A favourite story I like to tell about the birth of our son concerns the first time we took him as a baby to one of the churches I was serving. One man looked at him, then looked at me, and said: “Don’t you ever bring a paternity suit against your wife over this lad, because the judge will take one look at him, then one look at you, and laugh the case out of court.”
Even now, seventeen years later, you can see the physical resemblance. You would do all the more if you’d known me at that age. We may have different colour hair, but his hair colour comes through from my father’s side of my family. He is a mathematician, as I was. He is blue-eyed, like me. He is left-handed, as I am – albeit that he is more like my father, who was a relatively ambidextrous left-hander, whereas I am much more left-handed. Like my father, he has an excellent sense of direction and is extremely good at navigating with maps.
But he won’t make his way in life based on whose son and grandson he is. That will depend more on how he uses his gifts, talents, and opportunities.
And John the Baptist is trying to get over something similar to his hearers in our passage today. He tells people who claim they are the offspring of Abraham that they are more like the offspring of snakes. You can have all the religious heritage you like, he says, but it counts for nothing if you’re not living a transformed life. Being raised in the Jewish faith won’t count for anything on its own. Being baptised won’t mean diddly-squat unless your life changes. (Verses 7-9)
It’s something that is painfully relevant to some of the pastoral conversations I have when I first meet people in Methodist churches. It’s not uncommon for people to tell me how they’ve been a Methodist for decades, maybe all their lives.
And I wonder, why is that the first thing they want to tell me about themselves? Because it won’t count for anything with Jesus – unless, of course, they are faithfully living according to the life-changing teaching and spiritual experience that John Wesley underwent and then taught to others.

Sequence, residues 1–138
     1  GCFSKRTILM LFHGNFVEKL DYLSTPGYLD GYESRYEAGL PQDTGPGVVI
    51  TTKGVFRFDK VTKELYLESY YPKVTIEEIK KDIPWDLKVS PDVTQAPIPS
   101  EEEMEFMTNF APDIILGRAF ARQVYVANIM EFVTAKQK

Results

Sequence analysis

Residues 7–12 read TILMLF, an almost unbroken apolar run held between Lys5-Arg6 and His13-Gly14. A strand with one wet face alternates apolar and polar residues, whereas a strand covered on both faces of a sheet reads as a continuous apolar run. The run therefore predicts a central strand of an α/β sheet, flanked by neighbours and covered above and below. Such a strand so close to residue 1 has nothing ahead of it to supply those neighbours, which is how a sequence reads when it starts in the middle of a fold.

So you were baptised a Methodist? Well, big deal. Actually, nobody is baptised a Methodist, they are baptised into the Christian faith.
But if you were brought to church as an infant and a minister poured water on your head in the name of the Father, the Son, and the Holy Spirit, then it doesn’t matter one bit that the Methodist Church says that any administration of water in the name of the Trinity is a valid baptism, because John the Baptist says that baptism only matters if you go on to lead a baptised life.
So enough of all this claiming of a religious heritage as if it’s a ticket to heaven. It’s nothing of the sort. Presenting your baptism certificate will not work in the way that showing your passport does at Immigration Control in a new country. All that God accepts as the passport to glory is a life of repentance and faith, a baptised life more than a baptised body.
If you want to come to a minister and start telling us that you’ve been a Methodist for fifty years, then make sure you’re actually living as a Methodist in the sense John Wesley taught. Make sure that you come to God not dependent on your own good works, but by faith in Jesus who died for you. Be thankful for his forgiveness and show it by your love for God and for other people. After all, Wesley was fond of quoting from Galatians: ‘The only thing that counts is faith working through love.’ Seek a constant renewing and reordering of your life, joining a small group of other Christians where you each hold one another accountable. Be generous and have a concern for the poor. Share your faith with others.
If you think that’s a bit strong, look at what John the Baptist required of the people who came to him for baptism. They were to share with the poor, not cheat, be truthful, and avoid greed. That wouldn’t be a bad starting place today, either! (Verses 10-14)